Celebrated as a landmark in mobile communication, the world's first ever smartphone video call from the peak of Mount Everest has not amused the Nepalese government.
British explorer, Daniel Hughes, scaled the world's highest peak in his attempt to raise £1 million for Comic Relief.
At the summit he made the video call to the BBC using an HTC One saying: "As you can see, this is the world's first live video call, never been done before, from the rooftop of the world.
The call lasted two and a half minutes from 8,848 metres up
"It's a very proud moment to be here. It's been two-and-a-half-years in the making."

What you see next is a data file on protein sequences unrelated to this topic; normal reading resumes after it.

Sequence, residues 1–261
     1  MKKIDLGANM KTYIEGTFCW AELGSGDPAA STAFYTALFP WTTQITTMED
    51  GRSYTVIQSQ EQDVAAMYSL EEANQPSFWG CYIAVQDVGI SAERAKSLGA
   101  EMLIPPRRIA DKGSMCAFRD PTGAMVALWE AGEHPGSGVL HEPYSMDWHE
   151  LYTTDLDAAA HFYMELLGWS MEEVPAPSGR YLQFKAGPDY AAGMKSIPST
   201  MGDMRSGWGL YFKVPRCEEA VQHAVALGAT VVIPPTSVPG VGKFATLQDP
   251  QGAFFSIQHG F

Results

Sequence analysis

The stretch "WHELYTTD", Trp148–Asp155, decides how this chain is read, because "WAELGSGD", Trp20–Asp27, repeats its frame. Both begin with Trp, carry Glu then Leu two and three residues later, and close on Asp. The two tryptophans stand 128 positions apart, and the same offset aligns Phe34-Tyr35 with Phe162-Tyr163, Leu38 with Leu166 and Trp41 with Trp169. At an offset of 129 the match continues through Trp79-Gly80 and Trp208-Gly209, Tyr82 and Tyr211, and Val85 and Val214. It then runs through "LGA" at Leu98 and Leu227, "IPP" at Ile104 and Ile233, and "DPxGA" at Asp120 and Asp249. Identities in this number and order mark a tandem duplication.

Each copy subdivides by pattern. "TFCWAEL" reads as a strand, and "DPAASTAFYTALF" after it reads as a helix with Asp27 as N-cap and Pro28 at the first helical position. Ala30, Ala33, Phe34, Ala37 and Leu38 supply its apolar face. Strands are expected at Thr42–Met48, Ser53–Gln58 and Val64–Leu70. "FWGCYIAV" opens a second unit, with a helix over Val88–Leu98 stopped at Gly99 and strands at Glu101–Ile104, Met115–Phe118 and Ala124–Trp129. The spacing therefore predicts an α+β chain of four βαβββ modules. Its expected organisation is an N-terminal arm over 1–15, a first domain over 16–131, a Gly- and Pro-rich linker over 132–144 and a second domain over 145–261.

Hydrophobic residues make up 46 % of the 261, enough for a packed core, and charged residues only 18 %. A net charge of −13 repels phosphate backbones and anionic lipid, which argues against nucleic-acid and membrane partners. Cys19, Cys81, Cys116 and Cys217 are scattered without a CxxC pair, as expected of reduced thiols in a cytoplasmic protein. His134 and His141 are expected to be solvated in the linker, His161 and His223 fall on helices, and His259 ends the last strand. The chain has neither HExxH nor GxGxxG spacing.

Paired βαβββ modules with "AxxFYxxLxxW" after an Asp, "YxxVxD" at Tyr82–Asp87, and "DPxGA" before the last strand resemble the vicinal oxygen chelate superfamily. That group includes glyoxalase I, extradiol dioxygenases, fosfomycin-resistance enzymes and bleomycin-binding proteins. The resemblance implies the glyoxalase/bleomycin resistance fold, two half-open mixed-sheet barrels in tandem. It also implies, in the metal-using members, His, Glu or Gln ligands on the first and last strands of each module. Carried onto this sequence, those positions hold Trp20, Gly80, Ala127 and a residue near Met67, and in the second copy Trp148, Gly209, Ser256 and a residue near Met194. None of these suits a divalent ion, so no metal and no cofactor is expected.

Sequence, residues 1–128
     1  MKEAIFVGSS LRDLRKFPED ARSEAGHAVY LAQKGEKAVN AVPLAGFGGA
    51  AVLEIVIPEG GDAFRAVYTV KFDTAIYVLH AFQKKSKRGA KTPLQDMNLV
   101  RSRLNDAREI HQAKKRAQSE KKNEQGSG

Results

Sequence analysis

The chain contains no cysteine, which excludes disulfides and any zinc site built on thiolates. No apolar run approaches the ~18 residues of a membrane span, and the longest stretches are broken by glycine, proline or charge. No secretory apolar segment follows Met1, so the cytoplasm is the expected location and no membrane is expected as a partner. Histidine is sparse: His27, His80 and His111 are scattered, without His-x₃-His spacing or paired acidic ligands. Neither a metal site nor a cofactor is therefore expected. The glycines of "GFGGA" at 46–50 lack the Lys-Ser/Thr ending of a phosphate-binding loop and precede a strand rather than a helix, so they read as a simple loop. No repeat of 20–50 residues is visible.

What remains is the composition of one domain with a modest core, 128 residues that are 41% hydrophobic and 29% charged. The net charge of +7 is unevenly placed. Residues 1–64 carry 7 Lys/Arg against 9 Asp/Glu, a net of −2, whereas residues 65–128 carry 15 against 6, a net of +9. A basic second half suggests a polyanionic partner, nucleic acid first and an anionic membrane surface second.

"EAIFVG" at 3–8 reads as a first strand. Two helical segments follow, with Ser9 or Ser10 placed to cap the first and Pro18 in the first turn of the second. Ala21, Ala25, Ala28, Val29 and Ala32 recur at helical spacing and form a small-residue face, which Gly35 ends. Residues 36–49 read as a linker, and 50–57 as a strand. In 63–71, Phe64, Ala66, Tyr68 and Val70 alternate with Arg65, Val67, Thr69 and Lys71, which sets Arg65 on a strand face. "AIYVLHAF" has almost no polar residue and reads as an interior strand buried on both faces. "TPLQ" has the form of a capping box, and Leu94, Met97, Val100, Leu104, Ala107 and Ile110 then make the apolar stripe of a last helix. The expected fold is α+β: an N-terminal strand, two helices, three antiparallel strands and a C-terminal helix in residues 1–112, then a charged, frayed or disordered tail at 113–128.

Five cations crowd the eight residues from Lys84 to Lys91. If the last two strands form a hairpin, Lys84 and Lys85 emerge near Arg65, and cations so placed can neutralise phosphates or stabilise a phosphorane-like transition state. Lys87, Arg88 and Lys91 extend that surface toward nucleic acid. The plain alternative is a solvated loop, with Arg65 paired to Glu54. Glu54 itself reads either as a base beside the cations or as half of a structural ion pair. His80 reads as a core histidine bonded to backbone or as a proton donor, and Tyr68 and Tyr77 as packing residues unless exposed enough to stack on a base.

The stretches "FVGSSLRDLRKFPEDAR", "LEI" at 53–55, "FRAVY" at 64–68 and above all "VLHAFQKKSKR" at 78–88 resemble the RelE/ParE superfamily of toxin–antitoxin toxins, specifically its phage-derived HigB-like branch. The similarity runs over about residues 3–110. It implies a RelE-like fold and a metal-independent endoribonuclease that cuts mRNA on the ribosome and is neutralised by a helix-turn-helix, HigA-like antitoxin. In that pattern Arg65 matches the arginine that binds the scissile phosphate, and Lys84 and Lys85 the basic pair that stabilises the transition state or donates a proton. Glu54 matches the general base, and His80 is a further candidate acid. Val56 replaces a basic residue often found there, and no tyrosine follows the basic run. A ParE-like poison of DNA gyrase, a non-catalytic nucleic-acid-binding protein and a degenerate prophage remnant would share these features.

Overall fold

Nepalese officials however took a slightly dimmer view of Hughes' feat.
An spokesman for the Ministry of Information and Communications (MoIC) said: "It is found that the company concerned is found to have taken permission only for taking walkie-talkie for communication," reports MyRepublica.
Government permission is required in order to make any public broadcasts from the peak of Mount Everest as well as a permit costing $10,000 (£6,582).
The Nepalese government are investigating the incident and will consider if any further action is necessary.